Finally, I must say from my experience that some people who say they don't believe in God are more "spiritual"--more open to the Great Mystery--than some people who are regular church goers and seem to be motivated by habit rather than by any inward experience.

  3. Thanks for responding, Anthony:-)
    Wow, you've done a lot of presentations over many miles.
    I must admit I am confused. Where is there any "Great Mystery" if there is No One out there, but only matter and energy?
    Also, if nontheism is true, then "love" and "goodness" are by definition illusionary.

    However, I do agree that some nontheists are better than their non-faith and that so many Christians are much worse than their claimed faith.
    As Stephen King, that famous theologian;-) wrote in The Stand: When Nick says he doesn't believe in God, Mother Abigail laughs and counters, But God believes in you, referring to the fact that Nick is living a life of caring for others.

    Thanks, too, for the blog post about your time at the DMV where you and the clerk shared of faith in God and you shared of the passing of your dear wife.

  4. Anthony,

    I'm sorry I missed your talk in the Twin Cities when you were here. Rhoda Gilman, a good friend who I believe is also a friend of yours, was talking you up a lot. This is a lovely, thoughtful post.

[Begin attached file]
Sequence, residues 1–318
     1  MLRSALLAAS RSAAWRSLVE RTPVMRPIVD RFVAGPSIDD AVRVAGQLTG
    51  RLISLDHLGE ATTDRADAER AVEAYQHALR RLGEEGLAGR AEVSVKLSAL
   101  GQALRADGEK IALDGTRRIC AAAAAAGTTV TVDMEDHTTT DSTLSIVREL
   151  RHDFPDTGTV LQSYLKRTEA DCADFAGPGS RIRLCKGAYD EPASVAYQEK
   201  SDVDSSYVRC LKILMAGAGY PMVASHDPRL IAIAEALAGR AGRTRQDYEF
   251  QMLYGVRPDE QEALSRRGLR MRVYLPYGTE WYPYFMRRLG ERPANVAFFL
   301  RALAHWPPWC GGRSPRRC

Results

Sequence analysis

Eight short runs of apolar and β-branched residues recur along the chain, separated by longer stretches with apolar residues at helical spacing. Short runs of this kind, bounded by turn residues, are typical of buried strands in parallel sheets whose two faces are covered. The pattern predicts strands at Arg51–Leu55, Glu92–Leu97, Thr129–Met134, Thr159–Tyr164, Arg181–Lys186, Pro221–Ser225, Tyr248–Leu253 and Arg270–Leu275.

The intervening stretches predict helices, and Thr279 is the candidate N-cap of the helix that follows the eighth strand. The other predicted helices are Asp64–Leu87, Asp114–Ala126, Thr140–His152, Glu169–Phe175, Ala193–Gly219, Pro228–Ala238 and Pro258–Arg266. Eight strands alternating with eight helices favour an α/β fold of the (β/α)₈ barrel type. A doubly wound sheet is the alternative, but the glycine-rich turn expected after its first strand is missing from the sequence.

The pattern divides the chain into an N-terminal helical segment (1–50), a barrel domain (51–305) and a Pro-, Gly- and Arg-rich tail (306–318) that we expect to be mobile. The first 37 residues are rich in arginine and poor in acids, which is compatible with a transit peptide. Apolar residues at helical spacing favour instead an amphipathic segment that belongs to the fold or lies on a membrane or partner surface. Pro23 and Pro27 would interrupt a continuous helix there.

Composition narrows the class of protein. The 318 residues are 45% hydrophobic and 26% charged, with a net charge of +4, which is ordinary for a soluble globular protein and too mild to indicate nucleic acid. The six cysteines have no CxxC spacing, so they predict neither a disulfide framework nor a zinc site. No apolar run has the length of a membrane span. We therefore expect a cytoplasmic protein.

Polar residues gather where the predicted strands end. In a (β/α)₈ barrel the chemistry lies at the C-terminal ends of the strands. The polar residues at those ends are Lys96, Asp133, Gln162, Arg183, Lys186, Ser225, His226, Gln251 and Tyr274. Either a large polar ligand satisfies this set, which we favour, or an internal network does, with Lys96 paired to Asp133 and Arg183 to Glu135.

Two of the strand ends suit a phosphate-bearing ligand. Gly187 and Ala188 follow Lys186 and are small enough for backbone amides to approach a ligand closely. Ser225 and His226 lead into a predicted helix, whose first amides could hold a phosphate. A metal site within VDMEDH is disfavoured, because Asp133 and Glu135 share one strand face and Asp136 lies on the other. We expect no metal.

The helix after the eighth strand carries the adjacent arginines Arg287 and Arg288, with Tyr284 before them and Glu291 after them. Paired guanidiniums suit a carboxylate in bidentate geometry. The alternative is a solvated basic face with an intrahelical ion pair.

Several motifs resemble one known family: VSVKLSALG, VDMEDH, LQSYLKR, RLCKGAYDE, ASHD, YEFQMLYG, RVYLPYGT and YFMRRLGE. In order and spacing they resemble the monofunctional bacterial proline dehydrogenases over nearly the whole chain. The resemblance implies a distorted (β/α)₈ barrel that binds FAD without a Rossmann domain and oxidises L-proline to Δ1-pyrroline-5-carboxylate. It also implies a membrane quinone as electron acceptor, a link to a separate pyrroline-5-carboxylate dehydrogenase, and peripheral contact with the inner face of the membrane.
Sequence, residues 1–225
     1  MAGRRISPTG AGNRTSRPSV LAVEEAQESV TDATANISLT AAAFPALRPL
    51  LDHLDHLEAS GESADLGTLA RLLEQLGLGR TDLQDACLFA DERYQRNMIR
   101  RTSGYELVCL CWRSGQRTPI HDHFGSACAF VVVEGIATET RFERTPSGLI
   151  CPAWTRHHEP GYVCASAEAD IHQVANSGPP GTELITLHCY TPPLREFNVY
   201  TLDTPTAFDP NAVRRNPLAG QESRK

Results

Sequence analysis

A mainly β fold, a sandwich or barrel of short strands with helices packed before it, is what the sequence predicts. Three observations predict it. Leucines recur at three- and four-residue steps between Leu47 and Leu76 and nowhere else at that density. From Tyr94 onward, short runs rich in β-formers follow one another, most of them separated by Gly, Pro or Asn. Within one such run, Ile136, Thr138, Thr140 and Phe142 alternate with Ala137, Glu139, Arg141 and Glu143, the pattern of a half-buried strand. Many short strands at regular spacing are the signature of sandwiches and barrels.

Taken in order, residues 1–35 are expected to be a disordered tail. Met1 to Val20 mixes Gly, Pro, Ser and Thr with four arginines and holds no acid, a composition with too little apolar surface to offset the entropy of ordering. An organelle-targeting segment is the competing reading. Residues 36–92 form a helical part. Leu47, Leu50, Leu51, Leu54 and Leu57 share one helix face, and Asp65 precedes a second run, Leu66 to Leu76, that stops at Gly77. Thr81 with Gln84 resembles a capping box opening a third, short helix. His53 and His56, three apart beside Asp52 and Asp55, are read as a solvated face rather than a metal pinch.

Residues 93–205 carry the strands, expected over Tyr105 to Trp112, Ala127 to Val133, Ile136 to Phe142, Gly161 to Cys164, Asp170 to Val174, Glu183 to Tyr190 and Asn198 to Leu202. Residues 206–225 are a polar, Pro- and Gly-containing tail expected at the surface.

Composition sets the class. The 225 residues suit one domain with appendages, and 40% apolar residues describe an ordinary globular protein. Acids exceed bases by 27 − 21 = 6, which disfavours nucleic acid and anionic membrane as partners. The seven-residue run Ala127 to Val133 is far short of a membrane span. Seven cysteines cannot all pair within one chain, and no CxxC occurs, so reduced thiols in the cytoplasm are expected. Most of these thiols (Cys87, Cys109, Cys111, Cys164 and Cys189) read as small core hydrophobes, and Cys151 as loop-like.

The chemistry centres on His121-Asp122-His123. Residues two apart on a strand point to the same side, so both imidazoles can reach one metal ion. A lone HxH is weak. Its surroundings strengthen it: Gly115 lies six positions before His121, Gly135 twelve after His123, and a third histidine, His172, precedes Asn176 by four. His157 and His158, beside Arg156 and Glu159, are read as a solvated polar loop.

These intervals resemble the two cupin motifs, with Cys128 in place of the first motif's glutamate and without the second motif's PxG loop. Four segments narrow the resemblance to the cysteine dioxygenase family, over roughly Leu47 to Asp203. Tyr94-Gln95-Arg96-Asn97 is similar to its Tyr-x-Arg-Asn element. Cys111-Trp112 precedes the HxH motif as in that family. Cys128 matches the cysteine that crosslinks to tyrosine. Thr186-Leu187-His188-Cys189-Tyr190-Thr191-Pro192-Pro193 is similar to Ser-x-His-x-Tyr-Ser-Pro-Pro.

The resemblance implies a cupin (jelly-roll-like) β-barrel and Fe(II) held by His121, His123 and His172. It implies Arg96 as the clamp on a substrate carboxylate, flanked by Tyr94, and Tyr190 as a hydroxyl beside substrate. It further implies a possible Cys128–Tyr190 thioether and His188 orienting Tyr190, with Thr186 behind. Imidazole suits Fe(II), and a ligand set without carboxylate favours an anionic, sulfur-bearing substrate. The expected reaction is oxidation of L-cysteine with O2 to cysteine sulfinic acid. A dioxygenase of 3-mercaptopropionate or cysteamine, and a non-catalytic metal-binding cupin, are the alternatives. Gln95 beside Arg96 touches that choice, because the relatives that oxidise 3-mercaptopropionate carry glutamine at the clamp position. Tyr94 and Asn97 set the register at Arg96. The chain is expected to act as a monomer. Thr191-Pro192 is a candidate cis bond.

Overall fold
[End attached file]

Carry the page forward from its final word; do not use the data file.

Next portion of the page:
As a nontheist Friend, I appreciate your nod to folks like me in your post. I'm not sure I'd go so far as to say dogmatic atheists (or dogmatic Christians, or any other class of human beings dogmatic or not) have no place in the RSOF, but I do think dogmatism is a flaw and a barrier to loving community. But flawed people is what we've got to work with, myself very much included.

    I hope you don't mind my responding to Daniel on your blog.

    Daniel, you make some equivalences I don't quite understand. What makes you think that disbelieving in a transcendent being who created and guides the world, equates to disbelieving in meaning, or purpose, or love, or great mystery? I not only believe in all these things, but experience and revel in them.

    I don't know where these qualities come from, but only that I experience them, and perceive them in my fellow creatures. I'm inclined to believe these qualities emerged with sentience somewhere in the long history of biological evolution, but I could be wrong. Either way, they're real, and essential to life as we all live it.

    Perhaps a difference between you and me, Daniel, is that I believe they will disappear when/if biological life disappears. I'm a bit sad about that, but I'm not going to let it get in the way of living in community and relationship as best I can, until I die.

  5. Hello James and Anthony,

    I've reflected--waited in the Light--on your comments for several days. I still must admit I don't understand religious nontheism.
    How can there be any "meaning" or "purpose" or "love" in the human race if there is none in the cosmos? If there is no transcendence, then how can we experience transcendent quality and value since they don't exist?
    But thanks for trying to help me see your perspective.

    In God's love,